"Can art inspire conversation and connection? Can art transfigure suffering and tragedy? Can art serve as the bridge for hope, healing, and redemption?
I realize there comes a time when art is not soothing, but confrontational; and yet, somehow soothing in the confrontation by prying open the possibility of promoting dialogue and understanding. It is my intention to use the paintings in this exhibit to grab you in a headlock, rough up your composure and then proceed to rearrange your sense of reality".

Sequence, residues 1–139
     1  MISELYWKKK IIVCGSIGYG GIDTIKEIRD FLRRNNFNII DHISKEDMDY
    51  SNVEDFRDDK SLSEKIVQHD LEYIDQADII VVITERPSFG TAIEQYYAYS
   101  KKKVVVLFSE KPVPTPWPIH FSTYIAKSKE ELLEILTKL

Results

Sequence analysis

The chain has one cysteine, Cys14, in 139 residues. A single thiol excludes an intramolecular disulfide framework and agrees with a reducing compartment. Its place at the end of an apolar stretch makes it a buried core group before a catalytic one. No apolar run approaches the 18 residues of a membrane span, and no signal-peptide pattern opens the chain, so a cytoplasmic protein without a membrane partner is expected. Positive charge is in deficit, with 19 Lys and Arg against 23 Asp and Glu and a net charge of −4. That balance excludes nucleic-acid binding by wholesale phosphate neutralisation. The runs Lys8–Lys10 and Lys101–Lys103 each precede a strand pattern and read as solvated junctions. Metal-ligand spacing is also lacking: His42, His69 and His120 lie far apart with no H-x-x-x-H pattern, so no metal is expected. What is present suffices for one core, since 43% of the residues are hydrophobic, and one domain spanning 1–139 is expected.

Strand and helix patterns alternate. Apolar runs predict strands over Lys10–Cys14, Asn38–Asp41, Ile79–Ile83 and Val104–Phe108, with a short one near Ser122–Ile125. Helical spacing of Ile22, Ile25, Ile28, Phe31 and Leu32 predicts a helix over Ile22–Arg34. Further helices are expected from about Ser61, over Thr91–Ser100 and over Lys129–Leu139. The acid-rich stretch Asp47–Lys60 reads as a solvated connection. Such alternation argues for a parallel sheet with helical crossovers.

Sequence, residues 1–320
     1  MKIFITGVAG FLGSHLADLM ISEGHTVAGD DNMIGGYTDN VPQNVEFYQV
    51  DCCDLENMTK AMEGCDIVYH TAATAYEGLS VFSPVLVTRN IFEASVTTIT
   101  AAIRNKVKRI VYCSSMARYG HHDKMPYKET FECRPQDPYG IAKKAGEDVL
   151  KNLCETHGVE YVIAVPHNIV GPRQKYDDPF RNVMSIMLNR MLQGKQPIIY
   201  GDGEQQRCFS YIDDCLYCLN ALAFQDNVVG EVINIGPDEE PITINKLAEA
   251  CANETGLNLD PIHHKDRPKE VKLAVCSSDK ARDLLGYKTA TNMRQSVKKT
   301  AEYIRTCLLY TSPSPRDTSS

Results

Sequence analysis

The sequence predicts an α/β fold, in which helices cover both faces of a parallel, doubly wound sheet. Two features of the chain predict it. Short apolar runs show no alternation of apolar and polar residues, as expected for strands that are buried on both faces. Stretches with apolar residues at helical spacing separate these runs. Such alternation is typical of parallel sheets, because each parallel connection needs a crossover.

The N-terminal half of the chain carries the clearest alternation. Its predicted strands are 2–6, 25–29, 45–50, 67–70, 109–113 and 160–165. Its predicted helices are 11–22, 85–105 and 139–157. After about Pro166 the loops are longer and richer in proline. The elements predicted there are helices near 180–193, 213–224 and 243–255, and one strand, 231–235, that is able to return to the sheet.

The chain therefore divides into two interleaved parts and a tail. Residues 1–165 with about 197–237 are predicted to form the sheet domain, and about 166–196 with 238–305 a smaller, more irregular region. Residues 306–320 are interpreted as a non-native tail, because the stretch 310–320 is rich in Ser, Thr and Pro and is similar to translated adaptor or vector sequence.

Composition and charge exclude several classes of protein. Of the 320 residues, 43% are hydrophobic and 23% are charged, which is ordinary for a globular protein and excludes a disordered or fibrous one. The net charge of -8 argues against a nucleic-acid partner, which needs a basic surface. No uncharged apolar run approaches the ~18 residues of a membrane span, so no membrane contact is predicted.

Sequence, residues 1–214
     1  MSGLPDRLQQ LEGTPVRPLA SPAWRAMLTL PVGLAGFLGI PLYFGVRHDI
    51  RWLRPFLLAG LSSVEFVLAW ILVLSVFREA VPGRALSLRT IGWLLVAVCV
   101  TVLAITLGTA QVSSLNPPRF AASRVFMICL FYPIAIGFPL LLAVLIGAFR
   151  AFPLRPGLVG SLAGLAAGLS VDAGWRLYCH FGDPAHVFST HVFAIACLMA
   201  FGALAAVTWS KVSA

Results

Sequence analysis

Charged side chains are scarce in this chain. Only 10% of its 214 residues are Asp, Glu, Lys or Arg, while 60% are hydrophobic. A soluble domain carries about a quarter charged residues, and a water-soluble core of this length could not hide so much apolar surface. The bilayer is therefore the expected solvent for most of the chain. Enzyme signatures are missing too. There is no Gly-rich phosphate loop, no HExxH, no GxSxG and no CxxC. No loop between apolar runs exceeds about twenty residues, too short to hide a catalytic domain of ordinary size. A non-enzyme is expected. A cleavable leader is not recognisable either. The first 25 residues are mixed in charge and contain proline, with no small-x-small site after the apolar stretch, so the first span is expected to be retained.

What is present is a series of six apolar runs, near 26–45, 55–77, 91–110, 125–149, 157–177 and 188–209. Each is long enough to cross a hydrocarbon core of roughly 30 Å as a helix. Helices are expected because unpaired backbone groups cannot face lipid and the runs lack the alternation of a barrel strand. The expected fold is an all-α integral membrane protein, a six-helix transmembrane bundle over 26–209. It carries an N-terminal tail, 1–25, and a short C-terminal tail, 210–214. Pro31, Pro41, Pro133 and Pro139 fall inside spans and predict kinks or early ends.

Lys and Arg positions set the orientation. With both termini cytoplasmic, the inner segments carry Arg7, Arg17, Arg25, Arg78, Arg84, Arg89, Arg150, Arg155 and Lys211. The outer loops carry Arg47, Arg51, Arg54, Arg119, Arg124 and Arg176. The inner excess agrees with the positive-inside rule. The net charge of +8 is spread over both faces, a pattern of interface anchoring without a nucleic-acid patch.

For 400 years, American culture and nationhood has been haunted, stalked, and tormented by the reality and symbols of racial injustice - the chains, the noose, the bullets. Now, well into the 21st century, the labels and suspicions and accusations, the marchings and riots, the righteous indignation, and "good trouble" rise again and again as a shadow on the land and as a spotlight on the hypocrisy of a nation that saw itself as the standard-bearer for "freedom." Artist Ephraim Urevbu presents a new body of provocative artwork confronting these and other issues in his forst solo exhibition at Belmont University in Nashville, TN (Leu Gallery) in the Fall of 2021.